Thursday, December 06, 2007

When India's Silicon Valley goes nuts over groundnuts

When India's Silicon Valley goes nuts over groundnuts
Bangalore, IANS:
On two days every year, India's IT hub literally goes nuts over groundnuts. Thousands buy peanuts by the kilo as offering to Basava or Nandi, the great bull of Hindu god Shiva.

The two-day Kadalaekai Parishe or groundnut fair begins every year on the last Monday of the Hindu calendar month of Karthika, considered auspicious.

The fair is held in front of the Dodda Basavana Gudi (Big Bull Temple) in south Bangalore, about six km from the city centre. This year's fair, that concluded Tuesday, had around 500 farmers selling groundnuts, costing between Rs.10 and Rs.15 a kg.

Police estimated that around 150,000 people visited the fair over the two days. On Monday morning, hundreds of them also offered prayers at the temple.

Hundreds of farmers, some from as far as Tamil Nadu's Dharmapuri, Salem and Krishnagiri towns, a two- to four-hour bus ride from Bangalore, bring their crop to the fair as tens of thousands of people flock to it over two days.

Legend has it that on every full moon day, a bull would ravage the groundnut fields in the area where the Bull Temple now stands. After exhausting all avenues to scare the bull away, farmers thought it must be Shiva himself appearing in the form of a bull.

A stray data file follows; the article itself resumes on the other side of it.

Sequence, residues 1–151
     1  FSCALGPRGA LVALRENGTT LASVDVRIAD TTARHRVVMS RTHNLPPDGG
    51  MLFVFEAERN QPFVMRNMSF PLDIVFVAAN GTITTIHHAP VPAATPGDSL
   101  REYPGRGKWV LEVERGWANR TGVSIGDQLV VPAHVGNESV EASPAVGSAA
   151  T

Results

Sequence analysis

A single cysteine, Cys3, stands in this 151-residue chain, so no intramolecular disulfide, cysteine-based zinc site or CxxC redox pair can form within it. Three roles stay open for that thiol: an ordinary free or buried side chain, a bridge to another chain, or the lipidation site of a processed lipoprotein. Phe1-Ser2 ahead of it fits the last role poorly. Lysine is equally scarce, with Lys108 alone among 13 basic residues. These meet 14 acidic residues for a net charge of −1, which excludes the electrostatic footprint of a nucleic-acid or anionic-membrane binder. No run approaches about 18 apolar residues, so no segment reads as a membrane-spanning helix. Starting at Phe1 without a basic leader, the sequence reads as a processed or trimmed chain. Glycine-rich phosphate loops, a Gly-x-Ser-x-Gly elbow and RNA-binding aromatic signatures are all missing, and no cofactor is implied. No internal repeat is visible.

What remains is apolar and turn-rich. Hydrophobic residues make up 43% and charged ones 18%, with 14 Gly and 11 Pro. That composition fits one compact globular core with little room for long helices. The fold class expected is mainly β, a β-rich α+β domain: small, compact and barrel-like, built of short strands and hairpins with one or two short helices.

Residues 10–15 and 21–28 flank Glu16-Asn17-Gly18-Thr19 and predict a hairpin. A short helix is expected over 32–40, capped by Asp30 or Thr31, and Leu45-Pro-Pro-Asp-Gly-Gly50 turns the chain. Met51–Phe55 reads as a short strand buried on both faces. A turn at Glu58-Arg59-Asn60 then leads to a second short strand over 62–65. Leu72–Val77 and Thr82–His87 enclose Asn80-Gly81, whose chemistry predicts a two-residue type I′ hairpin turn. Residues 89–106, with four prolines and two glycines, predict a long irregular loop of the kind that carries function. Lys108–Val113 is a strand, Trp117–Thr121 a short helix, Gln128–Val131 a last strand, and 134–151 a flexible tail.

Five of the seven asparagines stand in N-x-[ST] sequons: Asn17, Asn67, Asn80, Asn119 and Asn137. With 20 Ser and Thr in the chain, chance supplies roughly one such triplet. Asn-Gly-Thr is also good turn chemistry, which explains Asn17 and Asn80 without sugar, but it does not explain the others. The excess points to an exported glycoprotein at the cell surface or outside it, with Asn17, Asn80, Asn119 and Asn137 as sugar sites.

They worshipped the bull and pledged to offer the first peanut crop, following which the bull stopped damaging their crops.

In 1537, Kempe Gowda, the builder of Bangalore, constructed a temple atop a hillock in the area and installed an idol of Basava found nearby. He named it the Big Bull Temple in view of the huge size of the idol.

The giant bull, carved out of a single rock, is 4.6 metres tall. Since then the two-day fair is held on the streets around the temple.

A large variety of groundnuts were sold during the fair. The two-day affair resembles a village fair as stalls selling bangles, sweets, spiced groundnuts, juice and ice cream also come up.


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